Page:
Therapist, environmentalist and author of international acclaim
BODO J BAGINSKI: AN INTERNATIONAL authority on alternative and holistic therapies, Bodo Baginski, who has died aged 60, had more than 20 books to his name.
Baginski however was best known in west Cork for his role as an environmental campaigner in the battle against pollution in Bantry Bay.
Originally from Germany, he had moved some 22 years ago to Ireland and lived with his partner Ute and two young daughters,Yara and Sina, at Ardnatrush, an idyllic spot near Glengarriff with magnificent views of the bay.
He died in a lawnmower accident while looking after the nearby garden of his best friend who was in Germany at the time.
Baginski was mowing the grass on an incline when the ride-on machine overturned, killing him instantly.
In an internet tribute recalling the side of his life for which he is best known internationally, Susy Cremers said: “Bodo has left the planet at the time of the very significant Venus transit on the very same day.
“Perhaps he will continue his work on the other side.”
A physiotherapist and chartered massage therapist, he wrote or co-wrote more than 20 books on a wide range of alternative and holistic therapies, including theories of universal life energy and healing as well as cosmo-biological birth control.
They have been translated into 20 languages, including English, French, Italian, Spanish, Portuguese, Polish, Hindi, Japanese, and Korean.
Among his publications, the Chakra Handbook and Reiki: Universal Life Energy is rated highly by fellow practitioners and became a bestseller on reiki, a system that involves the application of hand positions as the key to treating oneself or others.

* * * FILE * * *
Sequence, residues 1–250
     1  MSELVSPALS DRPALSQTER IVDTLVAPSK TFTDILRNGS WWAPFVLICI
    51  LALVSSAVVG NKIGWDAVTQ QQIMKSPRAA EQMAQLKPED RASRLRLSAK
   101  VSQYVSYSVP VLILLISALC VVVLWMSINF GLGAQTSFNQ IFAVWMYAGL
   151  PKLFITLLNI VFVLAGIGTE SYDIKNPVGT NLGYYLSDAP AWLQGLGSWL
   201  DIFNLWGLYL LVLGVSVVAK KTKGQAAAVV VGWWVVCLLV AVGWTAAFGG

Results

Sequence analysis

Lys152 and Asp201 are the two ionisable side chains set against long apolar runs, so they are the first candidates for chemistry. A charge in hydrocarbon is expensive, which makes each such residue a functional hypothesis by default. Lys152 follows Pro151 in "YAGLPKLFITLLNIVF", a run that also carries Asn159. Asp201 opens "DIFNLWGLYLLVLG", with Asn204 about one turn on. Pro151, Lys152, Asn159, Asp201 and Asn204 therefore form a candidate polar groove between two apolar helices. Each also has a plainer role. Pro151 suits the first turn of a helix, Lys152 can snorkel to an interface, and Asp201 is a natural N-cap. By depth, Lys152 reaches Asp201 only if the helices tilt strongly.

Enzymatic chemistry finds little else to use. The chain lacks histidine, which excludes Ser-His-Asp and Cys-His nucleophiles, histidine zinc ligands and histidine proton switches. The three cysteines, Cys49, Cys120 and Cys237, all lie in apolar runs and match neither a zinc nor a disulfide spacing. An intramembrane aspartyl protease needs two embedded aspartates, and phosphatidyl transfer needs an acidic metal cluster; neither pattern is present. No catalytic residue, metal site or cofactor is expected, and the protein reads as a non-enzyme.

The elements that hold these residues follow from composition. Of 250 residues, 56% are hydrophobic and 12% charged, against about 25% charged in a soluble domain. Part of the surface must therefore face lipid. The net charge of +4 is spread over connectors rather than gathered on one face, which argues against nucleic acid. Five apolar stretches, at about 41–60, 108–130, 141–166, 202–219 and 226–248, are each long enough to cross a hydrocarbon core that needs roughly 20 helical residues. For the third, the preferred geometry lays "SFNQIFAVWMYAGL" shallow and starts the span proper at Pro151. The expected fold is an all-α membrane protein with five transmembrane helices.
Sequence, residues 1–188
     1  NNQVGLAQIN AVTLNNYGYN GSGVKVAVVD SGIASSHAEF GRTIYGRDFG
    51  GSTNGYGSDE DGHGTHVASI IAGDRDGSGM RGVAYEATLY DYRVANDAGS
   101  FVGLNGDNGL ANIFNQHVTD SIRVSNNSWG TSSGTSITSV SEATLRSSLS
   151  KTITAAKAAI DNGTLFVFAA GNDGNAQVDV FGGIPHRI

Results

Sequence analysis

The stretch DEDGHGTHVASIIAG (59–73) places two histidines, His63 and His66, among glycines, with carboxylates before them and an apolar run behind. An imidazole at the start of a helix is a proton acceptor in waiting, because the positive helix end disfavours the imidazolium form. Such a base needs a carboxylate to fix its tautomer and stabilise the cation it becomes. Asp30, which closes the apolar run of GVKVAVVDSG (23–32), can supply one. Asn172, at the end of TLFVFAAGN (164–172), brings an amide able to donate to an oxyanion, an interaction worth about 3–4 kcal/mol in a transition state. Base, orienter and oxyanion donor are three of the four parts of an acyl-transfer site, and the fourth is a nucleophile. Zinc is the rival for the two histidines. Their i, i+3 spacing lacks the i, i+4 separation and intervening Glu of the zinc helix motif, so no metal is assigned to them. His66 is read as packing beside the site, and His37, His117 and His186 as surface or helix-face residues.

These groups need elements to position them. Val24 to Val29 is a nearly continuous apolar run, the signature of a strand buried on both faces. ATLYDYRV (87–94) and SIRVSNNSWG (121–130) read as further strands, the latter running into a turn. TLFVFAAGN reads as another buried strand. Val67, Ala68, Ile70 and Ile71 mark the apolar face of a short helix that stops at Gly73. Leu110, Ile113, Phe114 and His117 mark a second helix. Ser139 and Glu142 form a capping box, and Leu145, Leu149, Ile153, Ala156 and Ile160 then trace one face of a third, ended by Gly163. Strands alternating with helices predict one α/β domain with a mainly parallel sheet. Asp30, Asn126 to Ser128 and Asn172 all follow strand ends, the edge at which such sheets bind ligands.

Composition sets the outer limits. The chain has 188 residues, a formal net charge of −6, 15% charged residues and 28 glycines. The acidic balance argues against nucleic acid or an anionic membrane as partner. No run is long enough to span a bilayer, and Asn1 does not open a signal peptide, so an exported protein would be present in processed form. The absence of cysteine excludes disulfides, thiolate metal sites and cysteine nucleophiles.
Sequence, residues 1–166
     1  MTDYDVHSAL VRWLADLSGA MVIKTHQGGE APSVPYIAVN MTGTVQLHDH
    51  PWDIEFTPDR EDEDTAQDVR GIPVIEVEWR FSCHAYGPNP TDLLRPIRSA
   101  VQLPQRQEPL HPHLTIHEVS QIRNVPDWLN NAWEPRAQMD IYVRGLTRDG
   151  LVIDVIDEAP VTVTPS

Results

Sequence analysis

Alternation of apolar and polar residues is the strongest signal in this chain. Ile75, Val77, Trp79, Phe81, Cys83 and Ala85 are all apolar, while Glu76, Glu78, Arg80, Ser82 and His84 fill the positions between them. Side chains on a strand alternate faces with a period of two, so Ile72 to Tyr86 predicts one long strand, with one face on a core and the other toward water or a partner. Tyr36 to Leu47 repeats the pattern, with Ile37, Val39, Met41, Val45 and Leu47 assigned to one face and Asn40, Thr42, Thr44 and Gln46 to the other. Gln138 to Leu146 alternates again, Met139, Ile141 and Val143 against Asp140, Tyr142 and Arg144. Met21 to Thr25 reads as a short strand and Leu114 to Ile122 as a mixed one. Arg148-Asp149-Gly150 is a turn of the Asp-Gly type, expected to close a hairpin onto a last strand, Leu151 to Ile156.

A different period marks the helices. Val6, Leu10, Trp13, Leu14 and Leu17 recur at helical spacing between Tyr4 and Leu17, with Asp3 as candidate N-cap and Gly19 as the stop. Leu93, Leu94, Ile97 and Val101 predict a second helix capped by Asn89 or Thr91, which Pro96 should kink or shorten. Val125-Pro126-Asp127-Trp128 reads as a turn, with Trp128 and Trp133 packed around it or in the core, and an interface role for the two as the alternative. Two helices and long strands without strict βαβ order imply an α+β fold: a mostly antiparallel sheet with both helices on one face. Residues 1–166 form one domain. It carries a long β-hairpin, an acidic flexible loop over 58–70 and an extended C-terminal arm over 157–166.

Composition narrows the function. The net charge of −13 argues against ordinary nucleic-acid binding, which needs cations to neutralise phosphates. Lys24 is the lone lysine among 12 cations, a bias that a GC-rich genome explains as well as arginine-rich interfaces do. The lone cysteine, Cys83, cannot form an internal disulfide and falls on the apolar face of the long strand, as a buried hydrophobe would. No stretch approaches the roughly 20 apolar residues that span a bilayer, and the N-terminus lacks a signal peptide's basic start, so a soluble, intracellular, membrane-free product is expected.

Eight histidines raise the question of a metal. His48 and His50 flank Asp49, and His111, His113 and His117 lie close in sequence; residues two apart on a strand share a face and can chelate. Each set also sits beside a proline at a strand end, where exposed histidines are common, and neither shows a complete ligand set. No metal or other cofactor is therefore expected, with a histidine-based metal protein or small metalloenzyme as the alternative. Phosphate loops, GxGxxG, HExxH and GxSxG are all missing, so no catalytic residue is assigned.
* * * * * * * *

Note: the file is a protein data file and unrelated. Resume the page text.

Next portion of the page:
He was also involved in the production of Chakra Meditation Music, a set of lush melodies designed to tap into the chakras or energy centres of the body.
Baginski was quietly spoken, reserved and well-liked in the tightly knit community around Bantry Bay, where he was admired for his passionate approach to reversing the deteriorating state of the shoreline in a long-running local campaign to keep its beaches clean.
Although he enjoyed an international reputation as an expert on alternative therapies, he was best known locally for his tireless campaigning work.
This included a key role in the Save Bantry Bay committee which is currently combating plans for a new intensive mussel farm in the sheltered waters of the bay.
An integral part of his crusade strategy was to draw the attention of the authorities to the worst litter hotspots around the shoreline, urging them to tackle the eyesore of pollution in the heart of one of west Cork’s major tourism centres.
Baginski’s website records, for instance, that in the 2010 shoreline spring-clean, he was the residents’ co-ordinator on a stretch of coastline from White Cairn to Ardnagashel House and from Abbey Point to South Beach, an area where he named Bantry Harbour Mussels Ltd/Southward Ltd as stakeholders.
Given his environmental role, it was not surprising that his tragic death was marked by heartfelt tributes, reflecting how much he was valued by the community.
For example, local urban and county councillor Mary Hegarty described him as “quiet, private and a really nice person.
“The family are very well liked,” Hegarty said. “Bodo had been living here for a long time and was part of the community. It is very sad, it’s tragic.
In similar vein, Alex O’Donovan, secretary of the Bantry Salmon and Trout Club, said Baginski was “very committed to the local community and played a huge role in motivating people in the area to keep the shoreline clean for both residents and tourists”.
The spokesman of Friends of the Environment, Tony Lowes, observed that “he was the kind of person who, with very few words, could inspire people to make the world a better place.
“He was an inspiration to everyone who knew him.”
He is survived by his partner Ute, daughters Miriam, Yara and Sina, and son Ramilan.
Bodo J Baginski: born April 10th, 1952; died June 5th, 2012.